Many moons ago, every other person on Twitter called themself a “social media guru”. At the time we laughed, but it turns out that they probably weren’t all too far wrong, as evidenced by the fact that since Twitter went mainstream it’s now largely populated by people who have no clue how social media can best be leveraged, and many of those people work in marketing or some other social media role.
The mainstream media now seems full of mentions of things trending on Twitter, and it appears to be on the bucket-list of every other tween with an incurable condition, so it seems trending has become the main KPI for life on Earth!
Except it isn’t.
You can easily see what’s trending now, but I defy anyone to tell me what was trending last week, unless it was also trending in all other forms of media. Unless we’re talking about some massive event, there’s no hope that you could say what was trending on Twitter 6 months ago.
Georgina Lewis is the Digital Engagement Lead for Microsoft UK. She had this to say on the matter of trending as a goal:
Trending is synonymous with the short term nature of the way people sometimes think about the planning and success of social media. It takes time, resource and much planning to develop a long term-strategy to ensure you show up in social media. A single tweet, or a single instance of trending is equivalent to nothing more than a quick glance at someone as you pass them by. What you should strive for is seeing that person in the street, knowing them by name and being able to have a conversation about how their mum is, how was their holiday and their plans for the weekend. To do this, you need to connect all the elements of an individual’s connections with your brand (purchases, customer services etc..) and understand them as an individual (their interests, behaviours etc..) in order to be able to build a relationship with them. I heard someone quote recently that we want to move them up the “ladder of engagement” because once they are so far up that ladder, it is easier to keep going up than come down (thanks Jesse Stanchak).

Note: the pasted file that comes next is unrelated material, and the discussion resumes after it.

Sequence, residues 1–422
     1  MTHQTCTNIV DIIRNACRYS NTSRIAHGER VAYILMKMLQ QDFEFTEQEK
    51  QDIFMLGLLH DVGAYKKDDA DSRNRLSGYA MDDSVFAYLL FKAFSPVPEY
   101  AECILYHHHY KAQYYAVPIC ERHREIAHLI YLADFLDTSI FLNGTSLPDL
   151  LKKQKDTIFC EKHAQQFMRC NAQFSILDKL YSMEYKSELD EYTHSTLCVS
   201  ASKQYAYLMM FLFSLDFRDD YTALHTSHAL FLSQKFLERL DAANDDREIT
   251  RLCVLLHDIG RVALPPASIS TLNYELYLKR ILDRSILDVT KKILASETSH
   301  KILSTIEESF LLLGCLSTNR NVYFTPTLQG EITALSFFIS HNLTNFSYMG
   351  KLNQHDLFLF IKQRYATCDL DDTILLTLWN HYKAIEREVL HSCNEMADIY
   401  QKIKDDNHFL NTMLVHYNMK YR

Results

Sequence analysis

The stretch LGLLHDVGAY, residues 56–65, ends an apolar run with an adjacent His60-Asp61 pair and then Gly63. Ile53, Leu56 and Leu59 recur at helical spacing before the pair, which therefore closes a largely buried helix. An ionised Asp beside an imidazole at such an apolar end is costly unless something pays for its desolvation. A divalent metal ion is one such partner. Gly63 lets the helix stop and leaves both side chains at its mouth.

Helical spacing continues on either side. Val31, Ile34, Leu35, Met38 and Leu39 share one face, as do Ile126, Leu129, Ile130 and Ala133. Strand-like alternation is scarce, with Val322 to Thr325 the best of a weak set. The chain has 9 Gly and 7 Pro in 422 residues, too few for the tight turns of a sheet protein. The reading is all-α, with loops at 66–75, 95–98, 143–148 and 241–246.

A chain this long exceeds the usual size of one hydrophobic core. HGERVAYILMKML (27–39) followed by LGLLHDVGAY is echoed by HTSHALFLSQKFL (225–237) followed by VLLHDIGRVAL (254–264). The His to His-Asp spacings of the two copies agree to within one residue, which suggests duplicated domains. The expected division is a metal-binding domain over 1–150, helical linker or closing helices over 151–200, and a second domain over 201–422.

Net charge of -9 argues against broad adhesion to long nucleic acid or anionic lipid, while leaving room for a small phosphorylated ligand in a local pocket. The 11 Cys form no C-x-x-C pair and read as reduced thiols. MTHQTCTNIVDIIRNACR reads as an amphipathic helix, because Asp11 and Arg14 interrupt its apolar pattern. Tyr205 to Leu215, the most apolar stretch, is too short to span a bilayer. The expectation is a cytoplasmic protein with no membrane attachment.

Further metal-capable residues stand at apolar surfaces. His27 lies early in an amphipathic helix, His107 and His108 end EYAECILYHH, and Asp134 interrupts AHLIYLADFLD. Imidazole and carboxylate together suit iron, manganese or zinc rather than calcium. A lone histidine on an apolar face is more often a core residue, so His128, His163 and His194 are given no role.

This is of course the nirvana and there are so many theories and tools that promise this realisation. We have some way to go, but for now we start with a solid foundation of people speaking to people.
Fortunately there are some people and companies that have grasped that the benefit of social media is in engagement rather than broadcast. For instance, there are many good and bad examples of dealing with bad press on Twitter. The good ones put their hands up, engage with people and say sorry. The bad ones stick their heads in the sand and hope it’ll blow over.
There’s currently a very broad spectrum of corporate Twitter use. That’s partly because some organisations are slow moving, partly because it’s difficult to quantify the value of pouring resources into your Twitter presence, and partly because even when you do try to do the right thing, it’s still really difficult to do it consistently. I recently raised two issues to the same corporate Twitter account. I one instance I was engaged properly, with a conversation trying to help me out. On the other occasion, I was pointed to the URL of their FAQs, saying why what I was trying to do wasn’t supported. The second experience was almost bad enough to negate what happened with the first.
And that’s the crux of the point. It doesn’t matter that you might be able to bask in the glow of the Twitter trending topics list for a fraction of a day – it’s not something that can be maintained, and if somebody has a bad experience on social media with you today, it doesn’t matter that you were trending yesterday – you’ve still gained a detractor. It’s only by sustained engagement that you turn people into friends/allies/evangelists. Trending may give you some short-term satisfaction, but really it’s like eating empty carbs.